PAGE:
I was recently asked to take part in a play organised by my fencing club, debuting at the Brighton Fringe festival. In the play I will be showing off the Early Medieval “Royal Armouries I.33 manuscript” which depicts sword and buckler techniques:
This is the earliest known illustrated western fighting manual, the fencers depicted are monks but the combination of an early “arming sword” with a small round shield of between 9″-12″ diameter was very popular from the 13th century right through to the 16th century. The shields were made of wood leather or iron or indeed combinations of all these materials.
Their small size appears at first to be undesirable in a fight as they provide little in the way of cover, but with bit of practice they can run rings around bigger, clunky shields as the are highly manoeuvrable. In addition, whilst a larger shield protects the side of the body and head from cuts and thrusts, it does little to protect the sword hand which must necessarily be projected beyond the shield in order to bring a blow to bear. Not so with the buckler, as during the fight it stays very close to the sword hand and constantly denies access to this tempting target.
By projecting the buckler forward, rather than holding it against the body, it denies access to a large proportion of the body as it creates an oft-quoted phenomenon, the “cone of defence”:
The further the shield is pushed forward, the less avenues the opponent has to attack, much like when you put a barrier in front of a light bulb. The closer it is, the more light is blocked until it is all shrouded. This can happen with the buckler as well, if the fight gets very close it can be pushed into the opponents face to blind them.
Of course, in a more visceral way, bucklers make excellent knuckledusters for gaining an advantage, some originals even have sharpened edges and spikes to give the blow even more power. I wouldn’t fancy using a razor sharp shield though, too much chance of gashing the sword arm!
These are some antique originals:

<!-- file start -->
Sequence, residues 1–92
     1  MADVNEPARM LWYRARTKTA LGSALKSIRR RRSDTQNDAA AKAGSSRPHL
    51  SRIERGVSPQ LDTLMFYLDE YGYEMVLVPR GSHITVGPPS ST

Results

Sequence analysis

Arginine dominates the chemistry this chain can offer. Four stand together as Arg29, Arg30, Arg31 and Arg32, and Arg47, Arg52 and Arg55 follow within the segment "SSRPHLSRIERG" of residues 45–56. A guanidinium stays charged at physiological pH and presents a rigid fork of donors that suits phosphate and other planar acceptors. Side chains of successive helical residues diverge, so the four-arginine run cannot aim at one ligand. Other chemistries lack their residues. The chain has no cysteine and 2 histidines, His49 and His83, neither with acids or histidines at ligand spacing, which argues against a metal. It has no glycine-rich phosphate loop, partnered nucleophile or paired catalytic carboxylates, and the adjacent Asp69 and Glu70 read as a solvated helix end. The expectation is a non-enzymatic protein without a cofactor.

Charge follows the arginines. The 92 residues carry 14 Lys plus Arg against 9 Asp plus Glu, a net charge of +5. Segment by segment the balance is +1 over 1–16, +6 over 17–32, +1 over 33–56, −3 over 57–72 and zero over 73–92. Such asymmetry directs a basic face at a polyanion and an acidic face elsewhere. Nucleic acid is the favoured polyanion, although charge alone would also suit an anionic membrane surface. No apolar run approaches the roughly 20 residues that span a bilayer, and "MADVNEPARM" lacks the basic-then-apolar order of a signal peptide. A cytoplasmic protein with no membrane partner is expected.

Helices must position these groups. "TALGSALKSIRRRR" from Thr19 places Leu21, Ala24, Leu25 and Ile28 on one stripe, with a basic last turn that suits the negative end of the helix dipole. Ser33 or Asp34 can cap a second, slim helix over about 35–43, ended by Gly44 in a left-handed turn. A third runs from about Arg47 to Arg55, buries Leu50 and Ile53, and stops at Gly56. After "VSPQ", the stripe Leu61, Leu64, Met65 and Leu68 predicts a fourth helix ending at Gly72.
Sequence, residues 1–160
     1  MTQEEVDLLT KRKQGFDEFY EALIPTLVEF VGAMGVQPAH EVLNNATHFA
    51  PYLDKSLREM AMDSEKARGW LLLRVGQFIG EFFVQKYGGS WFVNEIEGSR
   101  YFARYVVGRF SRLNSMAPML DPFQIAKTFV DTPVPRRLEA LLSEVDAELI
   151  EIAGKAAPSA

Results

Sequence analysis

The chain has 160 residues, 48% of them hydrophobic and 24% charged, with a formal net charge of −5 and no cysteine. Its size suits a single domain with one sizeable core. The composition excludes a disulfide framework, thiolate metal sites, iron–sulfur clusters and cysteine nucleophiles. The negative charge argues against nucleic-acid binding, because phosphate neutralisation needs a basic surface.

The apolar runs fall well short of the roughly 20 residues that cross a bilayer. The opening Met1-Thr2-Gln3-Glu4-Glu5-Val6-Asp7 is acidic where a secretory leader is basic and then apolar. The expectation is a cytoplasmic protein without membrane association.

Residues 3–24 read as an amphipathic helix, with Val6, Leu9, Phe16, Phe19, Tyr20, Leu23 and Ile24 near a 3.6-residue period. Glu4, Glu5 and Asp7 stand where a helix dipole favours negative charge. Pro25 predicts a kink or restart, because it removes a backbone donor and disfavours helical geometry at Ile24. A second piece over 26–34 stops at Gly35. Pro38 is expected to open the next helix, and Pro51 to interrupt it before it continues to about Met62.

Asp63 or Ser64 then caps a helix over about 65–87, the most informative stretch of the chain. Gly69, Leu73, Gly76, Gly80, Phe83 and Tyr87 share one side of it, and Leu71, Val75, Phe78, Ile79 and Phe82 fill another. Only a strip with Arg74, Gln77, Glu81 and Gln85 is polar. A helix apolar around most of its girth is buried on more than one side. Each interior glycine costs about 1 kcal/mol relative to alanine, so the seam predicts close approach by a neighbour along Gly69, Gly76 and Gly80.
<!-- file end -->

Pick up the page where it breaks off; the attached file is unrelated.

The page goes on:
I found these pictures in an inventory of the Tower of London Armoury. I have many books on medieval arms and armour, but flicking through them I was surprised by how few had pictures of bucklers. In fact none of the others had photos, there were a couple of drawings but I always find it is better to study an antique rather than an author’s interpretation of an antique. Even a few internet searches have only turned up a handful of the more fanciful examples:
The first and last are the only European ones I can see, the middle one is Turkish. They all demonstrate the type though, and I like looking at Middle Eastern, Indian and African examples as the former two seem to have a lot of surviving artefacts, and the African ones are far more recent and still show details such as leather and wood that have often perished in European examples. Form following function, although it is impossible to prove that European hide and wooden shields would have looked the same as later African ones I believe that it can be a fruitful route to study.
Anyway, onto pictures of the bucklers I have made for myself as practice pieces for my “show” buckler. The first one was a quick dummy run, to see what size of buckler I wanted to make. It is on the small side at 9.5″ as I think this size looks cool. I made it out of scrap metal, in this case an old boiler cover I found in the street. It is very thin, but I wanted to dish it quickly so I could get a feel for the weapon:
The first one is a “before” picture of the finished buckler, roughly dished with little planishing or smoothing but a quick buff on the grinder for vanity’s sake. The handle is held on by two of the rivets, the other two are purely decorative. The rolled edge adds a little strength and eliminates any chance of sharp edges, but its still pretty flimsy.
I ended up using it for a couple of classes and a tournament against longswords, arming swords, rapier and highland broadsword, and honestly I think it actually did rather well. There are some big dents in the boss and one of the sides is bent down but as the shield swivels and rotates during the fight it sheds the force of the blow and took very little damage. Considering the metal is less than 1mm thick I find it remarkable, and worth further experimentation to try out more light designs. Historically though, I doubt it would have put up a lot of resistance to a sharp blade thrusting and hacking at it!
After trying out the thin buckler, I love the speed and finesse of sword and buckler so I will make a couple of iterations to test out. This is my current project:
This one is of thicker 2mm mild steel, dished out with much more care and planished before getting a rough surface grind and buff. Again this is just a test for a different construction technique as I want to rivet this boss to a leather rim and see if there is any effect in the performance. In idle moments at the forge I also turned a blunt spike for the front to use to catch and control blades, and gave the surface a basic bluing and oil sealing to carry on the flower motif. I will do matched rivet heads and I may engrave silver lines through the bluing.
The colour difference is stunning when viewed in person, to try to represent it I put the treated and untreated shields side by side. The surface is a pretty even blue, but I love doing it by hand as you get mottled purple veins in the blue, but I fear they are barely visible in the photos:
It has really darkened! I will post pictures as soon as it is finished.